MT: There are a lot of artists that I look to that inspire me and writers such as Raymond Carver the American short story writer. When I first read Carver’s Viewfinder, I was amazed someone could pierce straight through into something so beautiful in about 400 words. But I find this project problematic, I have to figure out the way to couple image and text together. The images are of real people doing real things in a real setting, and then I’m trying to fill in these blanks with the writing. When you try to couple things too closely it becomes too literal, so I need to find the right way to separate them almost.

EM: Does what you were feeling at the time translate in both your photographs and narratives?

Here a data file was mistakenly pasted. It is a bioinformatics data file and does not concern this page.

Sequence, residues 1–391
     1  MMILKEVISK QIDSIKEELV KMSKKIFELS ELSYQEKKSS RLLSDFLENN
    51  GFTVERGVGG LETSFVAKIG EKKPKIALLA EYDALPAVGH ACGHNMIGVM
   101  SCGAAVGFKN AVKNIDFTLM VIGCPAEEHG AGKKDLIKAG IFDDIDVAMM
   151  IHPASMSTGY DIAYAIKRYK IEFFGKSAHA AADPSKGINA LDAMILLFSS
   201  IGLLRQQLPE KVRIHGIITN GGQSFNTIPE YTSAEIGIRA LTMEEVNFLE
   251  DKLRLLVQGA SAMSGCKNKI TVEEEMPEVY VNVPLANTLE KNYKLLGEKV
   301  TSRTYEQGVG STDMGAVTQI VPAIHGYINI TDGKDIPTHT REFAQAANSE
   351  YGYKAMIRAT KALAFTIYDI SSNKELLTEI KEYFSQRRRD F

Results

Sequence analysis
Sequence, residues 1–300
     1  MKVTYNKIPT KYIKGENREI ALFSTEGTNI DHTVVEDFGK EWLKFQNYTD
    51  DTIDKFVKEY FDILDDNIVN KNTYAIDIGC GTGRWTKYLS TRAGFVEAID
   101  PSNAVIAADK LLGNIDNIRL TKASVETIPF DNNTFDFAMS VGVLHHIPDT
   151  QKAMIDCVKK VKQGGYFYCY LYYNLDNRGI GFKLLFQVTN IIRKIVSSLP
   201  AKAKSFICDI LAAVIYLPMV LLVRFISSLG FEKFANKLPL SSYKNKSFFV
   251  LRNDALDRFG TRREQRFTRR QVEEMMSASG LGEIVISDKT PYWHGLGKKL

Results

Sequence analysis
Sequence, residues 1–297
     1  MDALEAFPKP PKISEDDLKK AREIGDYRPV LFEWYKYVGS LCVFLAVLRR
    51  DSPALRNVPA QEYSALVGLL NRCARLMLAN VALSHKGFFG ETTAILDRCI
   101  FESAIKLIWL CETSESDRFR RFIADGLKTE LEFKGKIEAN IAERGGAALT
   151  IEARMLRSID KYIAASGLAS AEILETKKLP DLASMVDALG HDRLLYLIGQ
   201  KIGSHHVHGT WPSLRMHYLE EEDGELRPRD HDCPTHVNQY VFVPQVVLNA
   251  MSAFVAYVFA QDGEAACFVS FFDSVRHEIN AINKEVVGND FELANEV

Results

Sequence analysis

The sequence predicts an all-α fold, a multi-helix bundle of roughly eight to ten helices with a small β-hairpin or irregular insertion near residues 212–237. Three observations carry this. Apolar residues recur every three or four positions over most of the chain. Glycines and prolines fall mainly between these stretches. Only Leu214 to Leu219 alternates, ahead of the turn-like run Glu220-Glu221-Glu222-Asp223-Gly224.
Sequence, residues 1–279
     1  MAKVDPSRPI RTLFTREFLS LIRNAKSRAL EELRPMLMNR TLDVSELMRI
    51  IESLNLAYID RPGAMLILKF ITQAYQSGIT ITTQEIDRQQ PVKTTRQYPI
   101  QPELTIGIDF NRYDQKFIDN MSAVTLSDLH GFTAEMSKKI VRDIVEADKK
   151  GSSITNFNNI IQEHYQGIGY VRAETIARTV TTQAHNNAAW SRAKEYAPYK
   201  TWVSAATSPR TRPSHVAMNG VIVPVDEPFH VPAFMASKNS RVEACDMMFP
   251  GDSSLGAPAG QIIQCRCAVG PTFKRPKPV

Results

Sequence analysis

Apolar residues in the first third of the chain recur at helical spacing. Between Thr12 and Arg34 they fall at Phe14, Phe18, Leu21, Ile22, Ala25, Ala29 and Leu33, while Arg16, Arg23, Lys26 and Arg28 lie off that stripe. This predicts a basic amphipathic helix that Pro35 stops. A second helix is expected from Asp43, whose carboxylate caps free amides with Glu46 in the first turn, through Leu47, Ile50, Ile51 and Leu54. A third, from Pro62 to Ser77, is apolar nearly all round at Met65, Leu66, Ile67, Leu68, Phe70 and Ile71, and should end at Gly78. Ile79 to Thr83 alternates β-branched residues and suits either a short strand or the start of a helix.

MT: I think there is a certain degree that will inevitably come through in an image, but the problematic element for me is having produced the images detached of any plan or sense of what it was I was a part of. Years later looking back into it and having shared the story that surrounds the images with others, I realise there is a strength and power in the story, in its strangeness but also ultimately in universal themes and drives. In terms of what I was feeling at the time, I think this can only really be communicated through the writing where I can pull the viewer deeply into the lives of myself and the men I was closest to. If I was there now, aware of what I was producing, and working towards a realised vision, I think there would be numerous ways to work with the men and to communicate the themes and the story more effectively through imagery alone, through understanding the wider picture and through isolating certain elements and leading the viewer to certain places.

Fig. 3. Matthew Thompson, Hand, On top, 2019.

EM: Why the name 'On top'?